Well before the development and availability of a Covid-19 vaccine, resistance has started emerging in Pakistan where five tertiary-care health facilities approached to conduct Phase 3 trials of a Chinese vaccine are facing difficulties in recruiting volunteers for the trials.
Phase 3 trials for the Chinese vaccine, CanSino Biological, have started at the Shifa International Hospital, Islamabad, the University of Health Sciences (UHS) and Shaukat Khanum Memorial Cancer Hospital and Research Centre (SKMCH&RC), Lahore, and the Aga Khan Hospital and the Indus Hospital Karachi after Pakistan’s drug regulator last month gave the go-ahead for the country’s first clinical trials for CanSino’s candidate, Ad5-nCoV, which are being led by National Institute of Health (NIH) along with pharmaceutical company AJM — the local representative of CanSino.
“Yes, there are roadblocks in convincing people to volunteer for the vaccine trials. There are misconceptions in the minds of people as if they are being used as guinea pigs due to conspiracy theories about Covid-19 on social media. But we are steadily heading towards achieving the target of 10,000 volunteers in Islamabad, Lahore, and Karachi,” said one of the principal investigators (PI) of the clinical trial sites in Pakistan. This comes as a second blow to the Chinese vaccine development attempt after Brazilian President Jair Bolsonaro has said his government will not buy a Chinese-made Covid-19 vaccine, a day after his health minister said it would be added to the immunization program.
The health official, who requested anonymity, said that owing to reluctance among people to volunteer for the clinical trials, they were approaching public health facilities in all three cities. He added that they needed the media’s support for convincing people that it was a good opportunity for Pakistan and its people as this trial would help in developing a vaccine that would be tested on them instead of people from other parts of the world.
“For the first time, Phase 3 clinical trials of the vaccine are being conducted in Pakistan, and it would help in learning about the immune response it generates among local people. The success of these trials would open doors for more trials in the country. In other parts of the world, people volunteer themselves for such trials as this a great service to humanity,” the infectious diseases (ID) expert said and added that so far CanSino had proved to be safe and no severe adverse events had been reported from any country of the world.
Two other principal investigators of the clinical trials; Dr Salma Abbas from Shaukat Khanum Hospital and Dr Faisal Mehmood from the Aga Khan Hospital Karachi also conceded that people were hesitant to volunteer for the clinical trials, but they hoped the situation would improve in the coming days when people learnt about its importance.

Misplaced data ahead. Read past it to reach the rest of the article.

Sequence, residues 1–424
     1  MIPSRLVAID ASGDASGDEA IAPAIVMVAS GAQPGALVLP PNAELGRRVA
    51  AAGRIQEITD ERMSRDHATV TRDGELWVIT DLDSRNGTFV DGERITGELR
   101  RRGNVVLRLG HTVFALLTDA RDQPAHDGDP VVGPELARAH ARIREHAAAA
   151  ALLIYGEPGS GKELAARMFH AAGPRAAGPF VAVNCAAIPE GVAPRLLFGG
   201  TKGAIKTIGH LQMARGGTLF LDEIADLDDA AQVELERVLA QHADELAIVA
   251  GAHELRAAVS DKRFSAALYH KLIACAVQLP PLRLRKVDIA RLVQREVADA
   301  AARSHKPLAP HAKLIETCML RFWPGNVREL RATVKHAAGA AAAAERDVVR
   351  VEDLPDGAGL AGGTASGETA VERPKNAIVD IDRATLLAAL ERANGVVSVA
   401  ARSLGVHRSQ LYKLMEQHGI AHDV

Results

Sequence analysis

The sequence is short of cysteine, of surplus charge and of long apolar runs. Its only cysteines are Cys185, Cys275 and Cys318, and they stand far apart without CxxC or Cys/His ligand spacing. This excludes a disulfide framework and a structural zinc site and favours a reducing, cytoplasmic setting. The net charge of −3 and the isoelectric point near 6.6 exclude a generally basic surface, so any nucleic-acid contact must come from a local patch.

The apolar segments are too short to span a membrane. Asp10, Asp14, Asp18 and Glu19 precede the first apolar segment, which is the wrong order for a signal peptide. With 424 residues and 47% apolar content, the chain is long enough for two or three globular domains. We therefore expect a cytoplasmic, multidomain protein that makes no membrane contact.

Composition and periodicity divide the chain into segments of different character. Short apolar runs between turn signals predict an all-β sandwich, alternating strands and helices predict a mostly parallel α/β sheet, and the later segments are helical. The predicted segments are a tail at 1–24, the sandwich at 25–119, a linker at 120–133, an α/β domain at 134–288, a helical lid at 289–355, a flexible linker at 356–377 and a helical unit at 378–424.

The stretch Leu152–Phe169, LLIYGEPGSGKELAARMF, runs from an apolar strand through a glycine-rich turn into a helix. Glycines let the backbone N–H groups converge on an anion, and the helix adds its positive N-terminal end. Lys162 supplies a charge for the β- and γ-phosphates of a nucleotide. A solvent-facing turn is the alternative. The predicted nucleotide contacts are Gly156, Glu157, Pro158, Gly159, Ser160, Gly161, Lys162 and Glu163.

“Yes and no, every day we are getting more and more. It takes time to get the news out to people. You can help in spreading the news,” Dr. Faisal Mehmood from the AKUH said when asked if they were facing any difficulties in recruiting volunteers for the clinical trials in Karachi.
Vaccine for 20% of Pakistanis
Pakistan would get the CanSino vaccine for 20 percent of its population or at least 200 million doses once it gets approved after successful trials and other formalities, Prof Dr. Aamer Ikram, executive director, National Institute of Health (NIH), said while speaking at an online seminar or webinar on the Covid-19 vaccine trial launch in Pakistan.
Speaking to the participants of the webinar, organized by the Medical Microbiology and Infectious Diseases Society of Pakistan (MMIDSP), Prof Aamer Ikram said Covid-19 is a challenge for Pakistan, but there was a need to convert this challenge into an opportunity.
He added that they had completed all the formalities for the clinical trials and now it was up to the people to get themselves enrolled so that the vaccine could become available at the earliest.
Dr. Faisal Mehmood spoke on the vaccine facts and myths, saying it was not true that people would acquire the coronavirus infection by getting the vaccine. He also dispelled the impression that Pakistani people were being used as guinea pigs for vaccine development.
“We are a lucky nation that these trials are being conducted in Pakistan. This is a great opportunity for us. There is no truth in saying that this vaccine has a lot of side effects,” he said, adding that this vaccine would not be available by year-end.
It was also wrong to believe that this vaccine would end the pandemic, he said, adding that the vaccine would likely reduce the severity of the infection.
MMIDSP President Dr. Bushra Jamil said vaccines were great inventions that prevented billions of people from acquiring lethal diseases while they had helped mankind in eliminating diseases like smallpox and polio from most parts of the world.
She maintained that it was the first time in Pakistan that clinical trials of a vaccine were being conducted, and by volunteering people could be part of a safety and efficacy study of this important vaccine.
Dr. Naseem Salahuddin from the Indus Health Network, Dr. Ejaz Khan from the Shifa International Hospital Islamabad, Dr. Salma Abbas, and Dr. Shehnoor Azhar also spoke.